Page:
Intimidating lawyers in Kenya is unacceptable


The brutal murder of Lawyer Willy Kimani, his client Josephat Mwenda and Joseph Muiruri whose decomposed bodies were found on July 1, 2016 stashed in sacks, in River Ol Donyo Sabuk in Machakos County, is one example where Kenyan citizens have disappeared under mysterious circumstances.

The mutilated bodies of the trio are examples of extra-judicial killings becoming the norm rather than the exception. It is disheartening to note that we have lost all respect for the sanctity of human life.

These violent murders remind me of John Ruganda’s depiction in his book, The Floods, where the State has created killing fields, killing squads and people whose aim is to exterminate anybody who opposes them with ruthless abandon. Violence is usually deployed as a strategy to deal with enemies; real and imagined.

The forms of violence range from physical, verbal and psychological and the most surprising thing is that the brutality and violence are even extended to dead bodies.

The dehumanisation of dead bodies by the killers, while it is meant to depict the loathing the killers had for their victims, is also meant to instil fear and send a chilling and cold message to sections of the populace.
In John Ruganda’s book, fear is clearly depicted when Kyeyune fishes out the dead body of a brigadier with three nails in his skull and genitals in his mouth.

This leads to lots of anxiety and fear in Kyeyune as he swears never to go fishing again. Kyeyune again discovers a human finger while eating fish.

This scares the hell out of him as he swears never to eat fish again. He declines the headman’s offer of fish brought to him by a fisherman. Kyeyune freezes with fear when he witnesses a massacre of the islanders in the rescue boat; he saw a dead brigadier rise from the water, claiming to be a fisher of men.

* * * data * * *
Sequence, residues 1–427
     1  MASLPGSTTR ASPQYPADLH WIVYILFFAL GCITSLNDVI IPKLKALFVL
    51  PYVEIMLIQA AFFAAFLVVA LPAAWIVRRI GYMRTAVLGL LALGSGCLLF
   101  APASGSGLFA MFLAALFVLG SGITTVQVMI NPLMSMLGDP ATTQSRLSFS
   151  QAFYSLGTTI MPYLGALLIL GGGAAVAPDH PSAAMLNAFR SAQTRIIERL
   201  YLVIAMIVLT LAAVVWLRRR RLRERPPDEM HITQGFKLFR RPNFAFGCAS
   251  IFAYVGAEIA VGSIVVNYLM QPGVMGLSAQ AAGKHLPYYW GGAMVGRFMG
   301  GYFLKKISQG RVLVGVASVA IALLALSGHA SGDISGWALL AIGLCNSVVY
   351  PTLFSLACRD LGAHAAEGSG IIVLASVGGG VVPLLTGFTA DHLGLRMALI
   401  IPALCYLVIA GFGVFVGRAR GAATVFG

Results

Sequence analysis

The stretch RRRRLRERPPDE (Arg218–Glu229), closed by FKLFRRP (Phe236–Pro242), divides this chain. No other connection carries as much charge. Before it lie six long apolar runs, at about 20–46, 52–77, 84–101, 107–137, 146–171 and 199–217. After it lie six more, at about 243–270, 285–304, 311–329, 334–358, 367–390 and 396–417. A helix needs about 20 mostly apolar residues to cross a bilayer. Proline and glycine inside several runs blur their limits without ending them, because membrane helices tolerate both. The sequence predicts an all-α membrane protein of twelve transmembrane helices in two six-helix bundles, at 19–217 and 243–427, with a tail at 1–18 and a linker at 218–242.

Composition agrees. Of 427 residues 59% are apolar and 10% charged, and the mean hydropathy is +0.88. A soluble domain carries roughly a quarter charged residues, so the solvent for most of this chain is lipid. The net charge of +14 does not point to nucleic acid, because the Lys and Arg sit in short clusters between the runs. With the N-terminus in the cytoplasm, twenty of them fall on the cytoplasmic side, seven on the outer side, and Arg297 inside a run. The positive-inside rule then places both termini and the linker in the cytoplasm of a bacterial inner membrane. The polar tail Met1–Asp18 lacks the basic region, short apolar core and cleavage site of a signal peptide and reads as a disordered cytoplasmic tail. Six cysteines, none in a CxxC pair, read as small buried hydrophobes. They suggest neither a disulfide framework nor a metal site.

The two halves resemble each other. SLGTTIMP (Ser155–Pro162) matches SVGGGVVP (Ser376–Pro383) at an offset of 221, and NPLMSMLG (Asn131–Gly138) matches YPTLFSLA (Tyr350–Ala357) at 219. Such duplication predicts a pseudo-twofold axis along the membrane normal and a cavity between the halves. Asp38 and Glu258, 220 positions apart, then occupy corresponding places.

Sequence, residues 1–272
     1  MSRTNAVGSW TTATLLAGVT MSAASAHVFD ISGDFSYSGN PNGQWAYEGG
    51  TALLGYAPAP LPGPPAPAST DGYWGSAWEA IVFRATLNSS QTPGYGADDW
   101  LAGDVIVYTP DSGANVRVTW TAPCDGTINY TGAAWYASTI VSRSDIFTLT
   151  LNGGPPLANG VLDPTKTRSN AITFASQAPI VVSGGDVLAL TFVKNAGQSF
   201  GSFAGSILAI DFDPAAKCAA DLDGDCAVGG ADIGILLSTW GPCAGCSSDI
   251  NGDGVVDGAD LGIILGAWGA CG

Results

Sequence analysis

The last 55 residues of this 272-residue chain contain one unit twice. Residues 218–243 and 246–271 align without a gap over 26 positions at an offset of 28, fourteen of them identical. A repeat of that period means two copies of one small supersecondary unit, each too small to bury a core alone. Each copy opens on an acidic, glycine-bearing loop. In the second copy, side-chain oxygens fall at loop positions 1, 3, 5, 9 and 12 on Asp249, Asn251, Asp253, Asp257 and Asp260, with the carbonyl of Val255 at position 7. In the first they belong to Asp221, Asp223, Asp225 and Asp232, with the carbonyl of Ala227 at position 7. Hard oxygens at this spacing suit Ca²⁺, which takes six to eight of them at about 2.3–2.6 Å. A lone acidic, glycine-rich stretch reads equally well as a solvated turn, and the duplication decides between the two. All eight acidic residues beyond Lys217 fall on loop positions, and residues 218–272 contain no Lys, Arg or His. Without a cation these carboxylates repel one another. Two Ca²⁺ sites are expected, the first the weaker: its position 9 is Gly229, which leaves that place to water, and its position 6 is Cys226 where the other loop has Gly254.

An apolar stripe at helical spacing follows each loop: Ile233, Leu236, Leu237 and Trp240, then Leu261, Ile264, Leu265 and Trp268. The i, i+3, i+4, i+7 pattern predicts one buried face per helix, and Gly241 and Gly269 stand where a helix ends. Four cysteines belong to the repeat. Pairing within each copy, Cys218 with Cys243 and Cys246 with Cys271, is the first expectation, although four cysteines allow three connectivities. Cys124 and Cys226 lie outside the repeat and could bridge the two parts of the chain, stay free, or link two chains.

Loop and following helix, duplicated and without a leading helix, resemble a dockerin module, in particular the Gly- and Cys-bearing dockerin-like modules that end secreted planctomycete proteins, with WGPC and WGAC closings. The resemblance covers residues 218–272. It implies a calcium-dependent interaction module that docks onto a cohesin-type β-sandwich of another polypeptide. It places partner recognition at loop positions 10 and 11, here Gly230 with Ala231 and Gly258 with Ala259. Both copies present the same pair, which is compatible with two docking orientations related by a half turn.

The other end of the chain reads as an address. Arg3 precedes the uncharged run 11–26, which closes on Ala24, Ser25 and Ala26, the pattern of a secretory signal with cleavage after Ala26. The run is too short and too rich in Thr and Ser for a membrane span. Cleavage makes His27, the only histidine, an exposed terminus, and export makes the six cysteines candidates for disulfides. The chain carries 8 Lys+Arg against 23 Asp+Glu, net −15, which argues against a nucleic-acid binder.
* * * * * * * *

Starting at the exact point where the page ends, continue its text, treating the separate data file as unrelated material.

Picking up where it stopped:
The murder of Lawyer Willy is meant to drive fear in the hearts of human rights lawyers. It is a message being sent to the lawyers who have constantly been questioning the manner people are killed or hacked to death without being given a fair hearing.

The oath of office of an advocate is to administer justice without fear or favour and it is the oath of office that this brutal killing is aimed at. It is aimed at telling lawyers: "Please busy yourself with birthday parties, attend weddings and socialise with your colleagues but don’t ever be heard shouting about people’s rights because those rights are the business of the State and its agents."

An advocate’s oath of office is sacrosanct and must be jealously guarded. In the discharge of the duties of his office, the lawyer exercises vast powers and has corresponding responsibilities. His right to appear for his client can only be questioned by the client.

His adversary cannot force him to prove his right to appear for his client, nor will the court do so except for special and peculiar cause. As a rule, his statements on behalf of his client before the court is taken as true because he is acting on instructions.

Courts must be able to rely upon counsel, and they do so, because the lawyer is acting as an officer of the court under the sanction and responsibilities of an official oath.

The oath of office of an advocate is so unique that when in 1865 the United States Congress attempted to take away Mr Garland's oath of office, the supreme court held that the office of an attorney was not an office created by Congress, and depending upon Congress for its continuance, but that an attorney was an officer of the court, holding his office during good behaviour, and could only be deprived of it for misconduct, ascertained and declared by the judgement of the court after opportunity to be heard had been afforded.

It was also held that the right to practice was at the pleasure of the court and not at the command of the legislature. It is a right of which he can only be deprived by the judgement of the court for moral or professional delinquency.

The message that therefore must go out to the harbingers of violence out to intimidate lawyers from taking up sensitive cases is that lawyers will continue carrying on their duties as envisaged in the law and will not be intimidated by acts of violence and murder.

Lawyers must be emboldened by the brutal death of Willy Kimani to uphold the oath office and stand for the truth and what is right. Lawyers must continue standing and speaking for their clients rights as our higher calling dictates and demands.